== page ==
Both Google (NASDAQ: GOOG ) and Microsoft (NASDAQ: MSFT ) headed into this Thursday's earnings reports on a full head of steam. Investors in the two tech giants saw signs of recovery three months ago, and the stocks have been crushing the S&P 500 in 2013. In particular, Google investors looked forward to the potentially powerful impact of an improved advertising model, known as "enhanced campaigns." For Microsoft, the positive story focused on the recent restructuring effort and a strong push into mobile computing.
GOOG Total Return Price data by YCharts
Well, the reports have been filed, and the stocks took a collective haircut. Google shares dropped as much as 4.6% on the news, while Redmond lost a massive 10% of its value overnight.
For Google, the enhanced campaigns sure played a big part -- but in the wrong direction. The company is migrating all of its advertising customers to the new model at "breakneck speed," and massive changes tend to hurt in the short term.
Early adopters are reporting good results from their new-and-improved ad campaigns, which combined the separate tools for browser-based and mobile ad placements into one. The new model also promises to increase targeting and control, giving advertisers a more efficient way to reach the right potential customers. But Google didn't expect this change to boost its own results overnight. Instead, chief business officer Nikesh Arora characterized it as "a big long-term bet."
For Microsoft, the mobile boost never happened. Investors might have guessed as much earlier on Thursday, when Mr. Softie's most important smartphone partner Nokia (NYSE: NOK ) whiffed on its own second-quarter targets. Nokia shares fell as much as 5% on that report, unleashing at least three negative analyst comments, plus one outright downgrade.
On top of that weak partnership, Microsoft spent a ton of cash on manufacturing and marketing the Microsoft Surface tablet, which hasn't gained much market traction from all this effort. The company posted a $900 million writedown of unsold Surface RT tablets. At the same time, Redmond's cost of goods sold increased 14% year over year, thanks to the Surface push, but total revenue only grew by 3%.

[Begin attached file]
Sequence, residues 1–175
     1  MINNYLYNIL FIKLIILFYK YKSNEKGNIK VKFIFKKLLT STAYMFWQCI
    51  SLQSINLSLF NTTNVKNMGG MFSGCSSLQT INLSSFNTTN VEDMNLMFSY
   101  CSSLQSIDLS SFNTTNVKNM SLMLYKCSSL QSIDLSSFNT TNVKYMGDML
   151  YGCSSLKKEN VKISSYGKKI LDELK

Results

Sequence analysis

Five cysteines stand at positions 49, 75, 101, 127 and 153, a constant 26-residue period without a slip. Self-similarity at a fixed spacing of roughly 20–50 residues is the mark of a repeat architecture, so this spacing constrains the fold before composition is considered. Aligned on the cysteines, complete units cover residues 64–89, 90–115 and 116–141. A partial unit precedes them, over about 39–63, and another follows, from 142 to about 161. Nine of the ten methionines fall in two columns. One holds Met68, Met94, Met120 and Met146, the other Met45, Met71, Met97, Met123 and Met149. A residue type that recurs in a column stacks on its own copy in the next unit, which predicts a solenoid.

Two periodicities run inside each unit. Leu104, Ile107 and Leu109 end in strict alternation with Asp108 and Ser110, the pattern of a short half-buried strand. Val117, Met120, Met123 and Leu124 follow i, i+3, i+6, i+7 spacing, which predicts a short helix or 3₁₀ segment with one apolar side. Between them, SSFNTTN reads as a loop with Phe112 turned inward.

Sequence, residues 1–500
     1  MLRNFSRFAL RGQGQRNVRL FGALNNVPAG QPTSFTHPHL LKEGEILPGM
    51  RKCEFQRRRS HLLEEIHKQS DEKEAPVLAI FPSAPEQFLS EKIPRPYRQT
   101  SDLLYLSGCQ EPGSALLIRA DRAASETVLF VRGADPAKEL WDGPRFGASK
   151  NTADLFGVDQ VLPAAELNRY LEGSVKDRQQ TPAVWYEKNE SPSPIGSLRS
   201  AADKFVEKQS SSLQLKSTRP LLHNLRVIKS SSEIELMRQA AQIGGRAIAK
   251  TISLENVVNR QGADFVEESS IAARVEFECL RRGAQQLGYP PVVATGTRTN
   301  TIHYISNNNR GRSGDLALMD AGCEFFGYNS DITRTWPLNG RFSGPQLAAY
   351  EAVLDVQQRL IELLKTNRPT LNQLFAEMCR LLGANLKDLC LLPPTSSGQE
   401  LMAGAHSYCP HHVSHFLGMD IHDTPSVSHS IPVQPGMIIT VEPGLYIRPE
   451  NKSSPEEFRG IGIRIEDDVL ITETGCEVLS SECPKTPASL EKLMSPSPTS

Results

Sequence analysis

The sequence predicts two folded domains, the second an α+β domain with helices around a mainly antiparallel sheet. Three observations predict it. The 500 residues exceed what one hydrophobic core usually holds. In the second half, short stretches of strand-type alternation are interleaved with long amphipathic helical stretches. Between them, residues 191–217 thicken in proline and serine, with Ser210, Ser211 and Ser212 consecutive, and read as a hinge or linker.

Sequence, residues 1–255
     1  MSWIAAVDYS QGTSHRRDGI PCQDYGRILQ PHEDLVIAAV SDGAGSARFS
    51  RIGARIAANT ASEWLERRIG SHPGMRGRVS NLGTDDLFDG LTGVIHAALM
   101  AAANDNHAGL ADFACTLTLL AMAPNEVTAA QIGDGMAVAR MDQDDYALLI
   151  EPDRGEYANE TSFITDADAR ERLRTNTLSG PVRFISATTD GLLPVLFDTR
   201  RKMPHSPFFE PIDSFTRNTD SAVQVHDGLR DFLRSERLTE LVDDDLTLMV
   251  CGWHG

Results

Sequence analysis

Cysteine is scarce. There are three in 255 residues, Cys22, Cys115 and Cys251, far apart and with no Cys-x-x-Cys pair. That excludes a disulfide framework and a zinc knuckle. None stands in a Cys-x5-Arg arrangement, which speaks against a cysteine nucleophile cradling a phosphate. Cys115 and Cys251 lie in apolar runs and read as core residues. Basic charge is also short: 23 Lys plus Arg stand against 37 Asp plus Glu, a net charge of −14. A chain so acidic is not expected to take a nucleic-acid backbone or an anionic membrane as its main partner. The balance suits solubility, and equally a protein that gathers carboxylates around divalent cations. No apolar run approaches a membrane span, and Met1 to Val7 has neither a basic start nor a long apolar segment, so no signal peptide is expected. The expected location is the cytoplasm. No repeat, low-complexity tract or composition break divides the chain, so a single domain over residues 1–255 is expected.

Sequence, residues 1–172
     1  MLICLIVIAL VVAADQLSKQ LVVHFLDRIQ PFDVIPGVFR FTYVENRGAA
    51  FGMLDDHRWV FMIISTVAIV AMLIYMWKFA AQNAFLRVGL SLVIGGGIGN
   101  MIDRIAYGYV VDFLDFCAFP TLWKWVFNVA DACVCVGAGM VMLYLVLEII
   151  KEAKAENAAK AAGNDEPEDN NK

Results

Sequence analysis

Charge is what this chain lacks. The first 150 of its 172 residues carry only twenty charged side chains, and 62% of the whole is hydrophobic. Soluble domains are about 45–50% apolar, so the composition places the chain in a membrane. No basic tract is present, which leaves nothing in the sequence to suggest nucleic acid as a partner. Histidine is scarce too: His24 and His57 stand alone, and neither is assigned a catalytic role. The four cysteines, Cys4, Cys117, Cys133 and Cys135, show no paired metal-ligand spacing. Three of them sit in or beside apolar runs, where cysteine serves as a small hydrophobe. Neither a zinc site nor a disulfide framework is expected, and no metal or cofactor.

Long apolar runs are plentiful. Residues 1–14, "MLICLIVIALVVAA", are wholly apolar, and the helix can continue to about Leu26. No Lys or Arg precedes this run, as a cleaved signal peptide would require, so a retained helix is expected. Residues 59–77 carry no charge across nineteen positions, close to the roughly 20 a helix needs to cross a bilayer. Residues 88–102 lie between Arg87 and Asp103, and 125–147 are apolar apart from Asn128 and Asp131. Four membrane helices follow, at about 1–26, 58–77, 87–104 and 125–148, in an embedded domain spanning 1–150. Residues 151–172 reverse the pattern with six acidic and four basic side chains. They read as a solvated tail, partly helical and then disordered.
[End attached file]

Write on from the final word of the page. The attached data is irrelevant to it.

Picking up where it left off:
The way I see it, Google is making appropriate long-term bets that should pay off somewhere down the road. I'm very comfortable owning my Google shares, and expect them to recover from this temporary setback very quickly.
The story is much darker in Redmond. I wouldn't mind Microsoft betting the house on mobility, if there were any evidence that the effort is paying off. But billion-dollar write-offs point to a failed strategy shift.
Maybe Microsoft would be better off doubling down on the enterprise-class software portfolio instead, leaving others to battle over consumer gadgets like tablets and smartphones. Spin-off or sell the successful Xbox operation to give it the best possible shot at rewarding investors, and let the core of Microsoft go head-to-head with IBM (NYSE: IBM ) in the business-class sector instead.
That stragety wouldn't be as sexy as Microsoft's current emphasis on chasing consumer dollars, but there's nothing wrong with boring, predictable success. I mean, take one look at this long-term comparison between boring old IBM and unfocused Microsoft, and then tell me which stock you'd rather have owned. (Adding Google to the same chart is almost unfair, since that stock price has grown 760% over the last decade. But Microsoft clearly can't beat Big G at its own game, while it might stand a chance in IBM's court.)
MSFT Total Return Price data by YCharts
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